Magana Cathcart & McCarthy

Supreme Court Lets Stand Ninth Circuit Decision on Defective Medical Devices

Defective Medical Devices

Earlier this summer, the U.S. Supreme Court declined to hear an appeal in Stengel v. Medtronic, Inc. This means the 2013 decision of the Ninth Circuit Court of Appeals will stand. That decision allowed product liability claims against a medical device manufacturer on the basis of a “failure to warn” product defect to proceed in state court, even though medical devices are normally regulated at the federal level. Usually, if state law in any way conflicts with federal law, the federal law prevails. Here, however, the court held that the state law was merely “parallel” to the federal law, so the state law was not preempted by the federal law, and the products liability lawsuit could proceed in state court.

That law at issue was the Medical Device Amendments of the Food, Drug and Cosmetic Act. This law prohibits states from establishing their own rules which are different from federal law regarding the safety or effectiveness of Class III medical devices, such as artificial hip replacements and pain infusion pumps. The plaintiff in this case had been rendered paraplegic due to a defective pump and catheter which had been surgically implanted in his abdomen to deliver pain medicine directly to his spine.

Apparently, the device maker Medtronic was aware of risks like Mr. Stengel suffered before his injury occurred, but the company failed to inform the FDA as required. The injury victim sued the catheter maker under Arizona negligence law for failing to report adverse events to the FDA as required by federal law.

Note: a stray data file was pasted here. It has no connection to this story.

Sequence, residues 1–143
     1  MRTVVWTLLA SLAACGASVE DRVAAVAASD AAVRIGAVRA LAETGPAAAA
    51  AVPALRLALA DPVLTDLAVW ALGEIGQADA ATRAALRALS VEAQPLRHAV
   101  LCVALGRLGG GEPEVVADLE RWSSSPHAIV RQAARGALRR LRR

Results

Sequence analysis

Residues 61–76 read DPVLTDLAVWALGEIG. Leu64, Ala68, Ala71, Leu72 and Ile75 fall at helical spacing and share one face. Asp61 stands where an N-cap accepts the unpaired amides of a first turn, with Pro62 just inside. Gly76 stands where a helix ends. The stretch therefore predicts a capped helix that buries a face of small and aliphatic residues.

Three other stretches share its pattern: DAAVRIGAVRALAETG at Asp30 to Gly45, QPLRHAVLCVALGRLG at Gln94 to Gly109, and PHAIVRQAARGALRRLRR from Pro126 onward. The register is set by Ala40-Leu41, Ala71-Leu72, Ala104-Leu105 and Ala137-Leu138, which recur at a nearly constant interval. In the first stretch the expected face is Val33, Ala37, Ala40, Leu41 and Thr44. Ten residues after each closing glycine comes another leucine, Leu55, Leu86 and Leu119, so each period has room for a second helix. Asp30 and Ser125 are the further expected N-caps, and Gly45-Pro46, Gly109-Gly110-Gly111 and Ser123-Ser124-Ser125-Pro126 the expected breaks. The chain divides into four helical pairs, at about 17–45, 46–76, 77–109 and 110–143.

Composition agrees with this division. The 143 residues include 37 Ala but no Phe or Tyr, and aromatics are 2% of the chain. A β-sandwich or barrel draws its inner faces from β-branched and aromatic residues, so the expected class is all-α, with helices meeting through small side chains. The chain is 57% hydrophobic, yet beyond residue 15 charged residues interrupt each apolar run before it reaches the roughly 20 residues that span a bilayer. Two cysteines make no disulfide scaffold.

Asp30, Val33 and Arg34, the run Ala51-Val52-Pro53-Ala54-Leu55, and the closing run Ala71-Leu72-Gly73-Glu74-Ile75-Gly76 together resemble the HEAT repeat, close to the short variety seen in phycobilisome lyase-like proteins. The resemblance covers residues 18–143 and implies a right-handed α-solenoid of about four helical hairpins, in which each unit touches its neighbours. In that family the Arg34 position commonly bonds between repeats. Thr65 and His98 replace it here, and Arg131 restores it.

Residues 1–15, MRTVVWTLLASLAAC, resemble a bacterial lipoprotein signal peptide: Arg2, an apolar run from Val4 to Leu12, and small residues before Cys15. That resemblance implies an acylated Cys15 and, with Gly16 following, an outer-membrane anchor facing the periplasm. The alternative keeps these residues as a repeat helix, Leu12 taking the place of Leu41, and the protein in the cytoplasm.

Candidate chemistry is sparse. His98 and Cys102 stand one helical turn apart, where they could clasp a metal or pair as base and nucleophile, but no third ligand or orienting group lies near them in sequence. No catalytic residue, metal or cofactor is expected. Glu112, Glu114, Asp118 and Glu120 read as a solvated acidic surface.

Federal laws governing claims against defective medical devices are complicated. Whether claims can be brought in state court depends on the class of device and whether it went through Pre-Market Approval with the FDA for safety and effectiveness or if it got to market without being evaluated by the FDA because it was “substantially equivalent” to another device already on the market (a process known as 510(k) clearance).

The federal district court held that Stengel’s negligence claim was preempted by the federal law, and this decision was upheld on appeal by a panel of Ninth Circuit judges. However, the full bench of all the judges on the Ninth Circuit reheard the case and reversed the district court, holding that the duty of care under Arizona state negligence law paralleled the duty of device makers under the federal law, so the state claim was not preempted.

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